Lenders typically need to see a two-year average of bonus income, including earnings from restricted stock units, before they’ll count those earnings as part of income.
“But if you start at Amazon, you can’t do that,” Zender said. “The biggest hurdle has always been the first couple years.”
Evergreen’s Amazon-specific product will take Amazon’s compensation package in the offer letter as a guarantee of future earnings, allowing new employees to qualify for larger loans — typically above $700,000.
Spire, where condos run from under $600,000 into the $5 million territory, has been fielding plenty of queries from Amazon employees who want to use their restricted stock unit income to qualify for pre-sales, said Paul Menzies, the CEO of Laconia, the developer behind the project.
Financial advisers anticipate restricted stock unit lending programs will gain popularity as Amazon continues its hiring spree. The company has well over 45,000 employees in the Seattle area alone, the company disclosed last year, and has added an average of around 5,000 local hires a year over the past decade.
“Some lenders are starting to say, well, RSUs are not really a one-time thing,” said Steve Geri, a financial adviser at Denny Park Investments in South Lake Union. “They’re a continuing form of compensation in many industries.”
While other tech companies, including Microsoft, Facebook and Google, also compensate their employees with restricted stock units, Amazon’s base salary cap means its employees are the primary target of restricted stock unit lending programs.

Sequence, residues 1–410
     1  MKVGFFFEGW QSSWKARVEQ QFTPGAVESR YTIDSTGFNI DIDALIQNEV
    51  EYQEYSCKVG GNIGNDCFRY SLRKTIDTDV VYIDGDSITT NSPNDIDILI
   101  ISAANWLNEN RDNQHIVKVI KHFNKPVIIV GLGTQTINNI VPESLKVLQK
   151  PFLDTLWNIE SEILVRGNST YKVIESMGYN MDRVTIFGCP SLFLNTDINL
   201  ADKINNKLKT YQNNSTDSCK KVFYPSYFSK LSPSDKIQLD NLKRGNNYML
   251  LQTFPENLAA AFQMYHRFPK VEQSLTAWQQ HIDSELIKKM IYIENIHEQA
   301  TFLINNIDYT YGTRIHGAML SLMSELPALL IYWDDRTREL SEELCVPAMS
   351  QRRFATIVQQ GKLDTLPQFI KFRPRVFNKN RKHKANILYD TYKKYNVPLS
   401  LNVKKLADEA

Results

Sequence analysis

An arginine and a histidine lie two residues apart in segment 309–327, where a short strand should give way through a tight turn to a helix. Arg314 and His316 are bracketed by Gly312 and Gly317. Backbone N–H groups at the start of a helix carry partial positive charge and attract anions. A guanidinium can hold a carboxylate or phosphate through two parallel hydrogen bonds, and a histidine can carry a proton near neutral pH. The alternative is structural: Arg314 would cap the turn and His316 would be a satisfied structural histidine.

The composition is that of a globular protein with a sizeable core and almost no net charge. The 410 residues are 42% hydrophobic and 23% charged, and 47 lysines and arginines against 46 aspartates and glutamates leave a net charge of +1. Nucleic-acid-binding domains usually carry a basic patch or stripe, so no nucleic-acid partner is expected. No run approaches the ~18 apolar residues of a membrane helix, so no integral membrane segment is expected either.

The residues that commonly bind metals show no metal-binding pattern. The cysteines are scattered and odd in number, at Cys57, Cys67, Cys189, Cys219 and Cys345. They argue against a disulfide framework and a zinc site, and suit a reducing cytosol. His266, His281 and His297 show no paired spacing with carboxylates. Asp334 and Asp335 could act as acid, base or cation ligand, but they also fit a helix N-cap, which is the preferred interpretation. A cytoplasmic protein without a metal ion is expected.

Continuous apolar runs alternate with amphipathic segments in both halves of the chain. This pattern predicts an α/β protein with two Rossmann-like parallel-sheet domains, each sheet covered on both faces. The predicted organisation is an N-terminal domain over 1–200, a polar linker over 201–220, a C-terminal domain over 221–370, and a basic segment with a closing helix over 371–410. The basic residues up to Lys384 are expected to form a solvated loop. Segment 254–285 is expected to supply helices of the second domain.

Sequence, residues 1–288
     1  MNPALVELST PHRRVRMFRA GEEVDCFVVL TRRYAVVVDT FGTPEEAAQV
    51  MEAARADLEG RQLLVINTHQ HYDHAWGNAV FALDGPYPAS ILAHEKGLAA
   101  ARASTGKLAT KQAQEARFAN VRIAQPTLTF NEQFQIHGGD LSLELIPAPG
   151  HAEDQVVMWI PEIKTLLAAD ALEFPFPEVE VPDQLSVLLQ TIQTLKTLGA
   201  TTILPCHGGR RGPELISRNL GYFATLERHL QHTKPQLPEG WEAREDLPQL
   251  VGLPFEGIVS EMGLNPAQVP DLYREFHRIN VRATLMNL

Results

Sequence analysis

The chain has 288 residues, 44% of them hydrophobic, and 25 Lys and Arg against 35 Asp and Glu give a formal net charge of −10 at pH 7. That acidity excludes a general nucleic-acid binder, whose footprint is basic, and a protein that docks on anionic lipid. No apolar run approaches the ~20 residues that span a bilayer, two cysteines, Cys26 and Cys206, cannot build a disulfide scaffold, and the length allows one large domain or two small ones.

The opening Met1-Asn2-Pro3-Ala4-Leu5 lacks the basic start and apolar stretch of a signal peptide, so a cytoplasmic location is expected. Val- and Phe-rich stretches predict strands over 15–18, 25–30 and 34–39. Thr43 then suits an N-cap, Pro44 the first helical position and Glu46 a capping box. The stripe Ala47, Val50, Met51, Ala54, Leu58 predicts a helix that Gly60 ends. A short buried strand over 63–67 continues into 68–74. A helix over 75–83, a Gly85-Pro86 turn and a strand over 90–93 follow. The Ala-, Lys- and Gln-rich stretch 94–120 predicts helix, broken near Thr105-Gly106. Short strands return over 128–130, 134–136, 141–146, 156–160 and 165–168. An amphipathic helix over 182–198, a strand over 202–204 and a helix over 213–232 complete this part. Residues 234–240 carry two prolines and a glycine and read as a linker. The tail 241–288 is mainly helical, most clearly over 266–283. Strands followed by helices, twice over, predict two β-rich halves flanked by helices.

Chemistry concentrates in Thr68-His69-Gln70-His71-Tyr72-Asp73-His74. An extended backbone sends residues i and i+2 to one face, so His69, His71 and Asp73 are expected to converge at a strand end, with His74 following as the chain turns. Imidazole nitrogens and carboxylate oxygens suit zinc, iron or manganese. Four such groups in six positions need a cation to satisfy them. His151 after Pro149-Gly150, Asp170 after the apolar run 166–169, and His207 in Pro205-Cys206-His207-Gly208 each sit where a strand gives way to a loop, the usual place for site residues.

“If your base salary is enough to qualify for the home you want, you don’t need to jump through all these hoops,” said Phuc Dang, a financial planner at Merriman. “But Amazon’s highly paid folks qualify for more home than their base salary would support. These banks want to give them bigger homes, if they can afford that.”
In the past, housing sellers have sought to attract tech workers by offering deals like 100% mortgages. And in Seattle, tech-sector workers also have been able to rake in freebies from landlords, like lower fees and deposits, though the city put limits on such preferential deals in 2016.
Some affordablity advocates worry about how restricted stock unit lending programs could affect Amazon’s already-outsize presence in the Seattle housing market.
“Since stock makes up a larger share of compensation as you become more senior at tech companies, I understand why lenders would consider stock when making loans,” said Calvin Jones, an organizer for the affordability advocacy group Tech4Housing. “I just wish lenders worked just as hard to find ways to help lower-income people get access to the housing market.”
Upcoming payouts from Amazon’s restricted stock units could cause a major influx of cash into the Seattle housing market. Companywide, Amazon has 16.2 million restricted stock units outstanding as of June 30, with a value of close to $1.3 billion, according to SEC filings.
“These are top-tier borrowers,” said Mark Villano, a loan officer at Veterans Lending. “It makes sense to make customized products for them, to support them.”